If we would take a native from a primitive country and would take him to a supermarket and tell him that everything he saw in the shelves was food. That that box filled with powder was soup. He would not understand. And neither should we, because we have grown to believe that the chemical dead powder in that colorful box IS soup, just add some water and you end up ?? With what??

Everyone that follows my blogposts at JuicedMuscle and previously at BodyOfScience and BodyPage knows that I believe in genuine nutrition and products. I wrote about highly processed foods here: //

Now I would like to take a closer look at the sweetheart of bodybuilders, fitnessers and dieters, called PROTEIN POWDERS.

I don’t think a critical blog post about the “dangers” of energy drinks will scare away a hard core bodybuilder using a stack of AAS, slin and GH. Not to mention the pain killers and other ancillaries. I also posted a few times about the scaremongering of the authorities and the medical community. But this is different. This is a blog post not only written for the hard-core or advanced bodybuilder, but also for the younger members of our forum.

The more advanced bodybuilders will use stronger means to reach their goals such as the ECA-stack or Clenbuterol and T3 to cut or get energy. And most of the guys I know have some coffee before hitting the gym. In this light an energy drink could do also.

Then why this blog post?  Energy drinks can be a benefit if consumed with common sense, but it turns out that these nice colorful cans are addiction forming. Just like many people who practically “live“ on coffee, nowadays many people start to do the same with these energy drinks. I know that relatively the dangers of energy drinks are nothing comparable to other compounds people abuse.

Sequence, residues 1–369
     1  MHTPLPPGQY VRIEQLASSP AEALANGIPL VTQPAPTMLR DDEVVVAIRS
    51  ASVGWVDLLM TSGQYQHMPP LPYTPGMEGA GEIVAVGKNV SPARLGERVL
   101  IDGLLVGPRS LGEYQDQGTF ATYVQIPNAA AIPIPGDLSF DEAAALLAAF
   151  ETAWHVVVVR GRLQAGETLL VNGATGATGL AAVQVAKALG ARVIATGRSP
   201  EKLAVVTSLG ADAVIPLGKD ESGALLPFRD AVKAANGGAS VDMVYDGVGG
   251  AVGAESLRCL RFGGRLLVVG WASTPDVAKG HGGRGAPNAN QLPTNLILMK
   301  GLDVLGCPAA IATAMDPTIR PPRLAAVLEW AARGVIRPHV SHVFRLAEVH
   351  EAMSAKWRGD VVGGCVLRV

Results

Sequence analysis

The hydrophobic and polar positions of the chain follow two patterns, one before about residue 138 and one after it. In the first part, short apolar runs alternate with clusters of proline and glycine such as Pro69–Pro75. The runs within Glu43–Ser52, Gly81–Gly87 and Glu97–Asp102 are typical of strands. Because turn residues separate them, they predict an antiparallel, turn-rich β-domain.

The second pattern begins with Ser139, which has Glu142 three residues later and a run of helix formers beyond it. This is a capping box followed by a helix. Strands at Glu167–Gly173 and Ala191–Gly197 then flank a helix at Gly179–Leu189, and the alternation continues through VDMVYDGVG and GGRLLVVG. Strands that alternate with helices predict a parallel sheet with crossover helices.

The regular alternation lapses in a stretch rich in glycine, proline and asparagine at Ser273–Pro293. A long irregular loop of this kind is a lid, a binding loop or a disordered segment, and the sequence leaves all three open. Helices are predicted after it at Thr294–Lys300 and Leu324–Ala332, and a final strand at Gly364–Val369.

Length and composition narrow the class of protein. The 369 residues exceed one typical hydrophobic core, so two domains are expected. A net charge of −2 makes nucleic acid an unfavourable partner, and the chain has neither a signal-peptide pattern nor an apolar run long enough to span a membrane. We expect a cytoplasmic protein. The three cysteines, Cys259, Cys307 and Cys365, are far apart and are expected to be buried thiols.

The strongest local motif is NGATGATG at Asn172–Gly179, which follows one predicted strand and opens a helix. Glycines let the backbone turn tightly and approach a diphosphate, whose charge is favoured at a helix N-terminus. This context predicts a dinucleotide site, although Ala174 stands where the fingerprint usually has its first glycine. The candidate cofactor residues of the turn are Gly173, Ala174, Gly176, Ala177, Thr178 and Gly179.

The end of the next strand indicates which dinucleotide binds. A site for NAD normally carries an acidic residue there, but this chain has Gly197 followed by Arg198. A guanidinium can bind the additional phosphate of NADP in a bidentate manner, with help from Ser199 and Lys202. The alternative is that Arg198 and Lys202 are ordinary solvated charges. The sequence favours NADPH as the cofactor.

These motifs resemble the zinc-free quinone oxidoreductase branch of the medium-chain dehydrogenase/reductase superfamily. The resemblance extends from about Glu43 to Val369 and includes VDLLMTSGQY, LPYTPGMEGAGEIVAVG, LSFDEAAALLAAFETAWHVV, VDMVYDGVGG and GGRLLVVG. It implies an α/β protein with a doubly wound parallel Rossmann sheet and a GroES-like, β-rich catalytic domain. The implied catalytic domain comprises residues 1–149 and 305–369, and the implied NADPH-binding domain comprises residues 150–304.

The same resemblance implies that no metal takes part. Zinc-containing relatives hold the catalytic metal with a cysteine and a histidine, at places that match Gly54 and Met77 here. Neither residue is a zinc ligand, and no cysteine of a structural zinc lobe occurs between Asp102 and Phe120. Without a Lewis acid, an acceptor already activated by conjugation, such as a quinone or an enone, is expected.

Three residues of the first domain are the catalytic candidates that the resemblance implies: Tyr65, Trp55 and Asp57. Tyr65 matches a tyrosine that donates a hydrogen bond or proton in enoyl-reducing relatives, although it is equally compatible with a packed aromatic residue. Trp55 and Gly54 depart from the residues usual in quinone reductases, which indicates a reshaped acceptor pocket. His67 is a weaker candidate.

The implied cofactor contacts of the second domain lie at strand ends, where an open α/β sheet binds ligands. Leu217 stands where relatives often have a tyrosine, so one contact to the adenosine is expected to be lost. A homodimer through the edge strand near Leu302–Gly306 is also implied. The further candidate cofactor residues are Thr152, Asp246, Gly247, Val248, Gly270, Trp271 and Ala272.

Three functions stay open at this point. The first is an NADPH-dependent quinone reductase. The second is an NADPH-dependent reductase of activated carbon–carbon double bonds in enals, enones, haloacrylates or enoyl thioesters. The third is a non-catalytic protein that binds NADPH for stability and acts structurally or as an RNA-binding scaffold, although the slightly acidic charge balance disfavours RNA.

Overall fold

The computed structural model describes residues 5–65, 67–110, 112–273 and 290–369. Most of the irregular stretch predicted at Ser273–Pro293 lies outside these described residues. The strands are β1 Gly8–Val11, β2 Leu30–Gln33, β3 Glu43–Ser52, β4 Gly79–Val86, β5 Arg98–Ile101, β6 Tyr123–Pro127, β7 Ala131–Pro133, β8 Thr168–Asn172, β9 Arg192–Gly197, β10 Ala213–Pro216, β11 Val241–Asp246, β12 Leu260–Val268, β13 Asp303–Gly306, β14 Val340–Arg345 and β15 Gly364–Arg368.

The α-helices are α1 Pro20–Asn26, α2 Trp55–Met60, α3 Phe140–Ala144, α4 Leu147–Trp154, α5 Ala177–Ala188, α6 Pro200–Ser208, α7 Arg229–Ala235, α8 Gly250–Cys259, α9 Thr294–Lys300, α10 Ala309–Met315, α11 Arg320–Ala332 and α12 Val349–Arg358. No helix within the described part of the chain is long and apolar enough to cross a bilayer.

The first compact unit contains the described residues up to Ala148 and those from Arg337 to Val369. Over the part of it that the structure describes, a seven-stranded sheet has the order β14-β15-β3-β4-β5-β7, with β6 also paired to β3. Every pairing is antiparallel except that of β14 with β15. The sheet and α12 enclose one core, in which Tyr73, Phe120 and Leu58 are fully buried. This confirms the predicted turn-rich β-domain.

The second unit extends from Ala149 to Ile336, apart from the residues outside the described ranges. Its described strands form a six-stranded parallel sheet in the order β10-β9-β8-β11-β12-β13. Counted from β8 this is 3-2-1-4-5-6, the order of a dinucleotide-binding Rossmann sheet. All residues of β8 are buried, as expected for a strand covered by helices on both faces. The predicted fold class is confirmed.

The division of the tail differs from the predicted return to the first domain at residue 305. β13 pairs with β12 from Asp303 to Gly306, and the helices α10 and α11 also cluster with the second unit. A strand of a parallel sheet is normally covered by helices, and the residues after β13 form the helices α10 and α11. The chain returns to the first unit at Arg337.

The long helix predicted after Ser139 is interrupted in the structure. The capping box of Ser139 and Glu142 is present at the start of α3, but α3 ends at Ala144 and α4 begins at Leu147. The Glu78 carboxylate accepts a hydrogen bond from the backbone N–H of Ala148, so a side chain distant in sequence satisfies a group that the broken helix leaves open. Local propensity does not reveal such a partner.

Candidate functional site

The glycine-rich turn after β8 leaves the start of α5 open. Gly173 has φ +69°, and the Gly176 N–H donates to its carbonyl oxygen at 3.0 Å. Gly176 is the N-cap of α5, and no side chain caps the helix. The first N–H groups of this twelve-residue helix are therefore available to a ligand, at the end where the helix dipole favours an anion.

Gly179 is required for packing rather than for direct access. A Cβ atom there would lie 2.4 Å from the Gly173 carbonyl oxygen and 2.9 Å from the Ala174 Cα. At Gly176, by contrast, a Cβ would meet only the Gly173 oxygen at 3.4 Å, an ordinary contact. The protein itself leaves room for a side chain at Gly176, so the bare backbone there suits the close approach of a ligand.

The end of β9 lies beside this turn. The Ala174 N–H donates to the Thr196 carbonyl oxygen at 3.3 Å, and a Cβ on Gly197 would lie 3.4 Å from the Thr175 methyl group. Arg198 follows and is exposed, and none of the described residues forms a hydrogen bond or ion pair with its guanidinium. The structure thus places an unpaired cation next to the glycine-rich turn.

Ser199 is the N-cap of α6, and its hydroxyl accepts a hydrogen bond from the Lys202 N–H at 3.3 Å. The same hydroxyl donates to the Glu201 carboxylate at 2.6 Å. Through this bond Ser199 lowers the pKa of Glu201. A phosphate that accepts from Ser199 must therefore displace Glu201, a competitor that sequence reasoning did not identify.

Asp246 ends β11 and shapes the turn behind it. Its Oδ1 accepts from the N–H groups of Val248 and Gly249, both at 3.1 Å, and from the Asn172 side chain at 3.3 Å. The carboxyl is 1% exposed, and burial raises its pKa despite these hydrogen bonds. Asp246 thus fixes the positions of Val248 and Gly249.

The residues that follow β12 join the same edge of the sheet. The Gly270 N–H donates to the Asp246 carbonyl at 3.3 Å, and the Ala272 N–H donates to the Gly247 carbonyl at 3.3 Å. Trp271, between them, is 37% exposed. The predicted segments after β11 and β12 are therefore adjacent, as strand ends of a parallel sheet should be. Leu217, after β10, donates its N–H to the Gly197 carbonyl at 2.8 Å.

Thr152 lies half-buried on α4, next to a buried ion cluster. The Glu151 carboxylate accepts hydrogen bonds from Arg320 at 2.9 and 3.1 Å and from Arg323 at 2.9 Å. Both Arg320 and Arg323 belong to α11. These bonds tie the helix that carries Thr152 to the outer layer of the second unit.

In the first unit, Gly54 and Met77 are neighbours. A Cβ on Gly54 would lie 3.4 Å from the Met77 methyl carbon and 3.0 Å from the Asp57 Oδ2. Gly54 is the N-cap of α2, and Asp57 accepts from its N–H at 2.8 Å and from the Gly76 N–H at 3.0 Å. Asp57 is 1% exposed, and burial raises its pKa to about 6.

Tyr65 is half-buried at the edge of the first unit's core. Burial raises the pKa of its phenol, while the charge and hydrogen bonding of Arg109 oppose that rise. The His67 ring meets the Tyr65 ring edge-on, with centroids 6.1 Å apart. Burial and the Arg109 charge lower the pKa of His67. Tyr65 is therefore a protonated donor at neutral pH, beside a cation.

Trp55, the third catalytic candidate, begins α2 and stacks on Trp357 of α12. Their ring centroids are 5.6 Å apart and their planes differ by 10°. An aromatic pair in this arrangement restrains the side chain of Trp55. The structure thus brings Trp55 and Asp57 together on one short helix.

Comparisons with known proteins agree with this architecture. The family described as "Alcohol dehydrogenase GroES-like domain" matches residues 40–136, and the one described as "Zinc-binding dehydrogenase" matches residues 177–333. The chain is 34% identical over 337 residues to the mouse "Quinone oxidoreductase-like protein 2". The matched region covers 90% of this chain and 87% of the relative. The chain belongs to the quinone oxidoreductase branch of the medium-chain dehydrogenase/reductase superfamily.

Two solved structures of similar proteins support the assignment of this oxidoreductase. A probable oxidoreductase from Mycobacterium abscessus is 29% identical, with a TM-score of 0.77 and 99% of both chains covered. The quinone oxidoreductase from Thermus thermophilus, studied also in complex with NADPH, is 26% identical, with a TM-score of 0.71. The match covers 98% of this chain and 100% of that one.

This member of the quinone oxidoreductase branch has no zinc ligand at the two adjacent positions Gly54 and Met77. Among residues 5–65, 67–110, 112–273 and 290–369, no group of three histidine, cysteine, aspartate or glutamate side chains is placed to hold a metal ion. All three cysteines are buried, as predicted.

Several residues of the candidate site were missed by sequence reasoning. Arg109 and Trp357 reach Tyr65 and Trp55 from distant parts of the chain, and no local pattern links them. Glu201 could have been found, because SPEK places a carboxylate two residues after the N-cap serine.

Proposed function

But let’s look at it at a different angle. Some people use AAS and other compounds in a cycle to gain extra muscle mass. If done on a knowledgeable  cycle  and followed by a proper PCT, then health problems should be controllable  . We all know that if we follow the hard-core or pro protocol, which means, year round usage and much higher doses and much more different means to counteract all the injuries and pain of pushing your body to the limit, will do much more damage.  It’s true for most compounds that exert a certain effect in the body, if it is alcohol, recreational drugs, anabolic steroids or caffeine , one need to increase the dosage as the body builds up tolerance to the chemical. Therefore, it takes more and more  to produce the desired effects.

If some member mentions on the board that he wants to take oral steroid, many other members warn him and tell him to take liver protectors like Milk Thistle.  If you want to do an Oral Only Cycle, I always advise to limit the time of the cycling to max 12 weeks , DON’T use recreational drugs, prescription medicine, alcohol, try not to smoke etc. Because it’s not wise to stack all unhealthy habits.  

Another new supplement hyped by the supplement industry. Everybody that saw the documentary “Bigger - Stronger – Faster” knows that this industry sells dreams. But most guys fall for the nice adds, the science backed “evidence” and the pictures of athletes pumped up by anabolic steroids (…and a lot of other “illegal means” ) that REALLY work wonders on your appearance, telling you this supplement is responsible for their gains.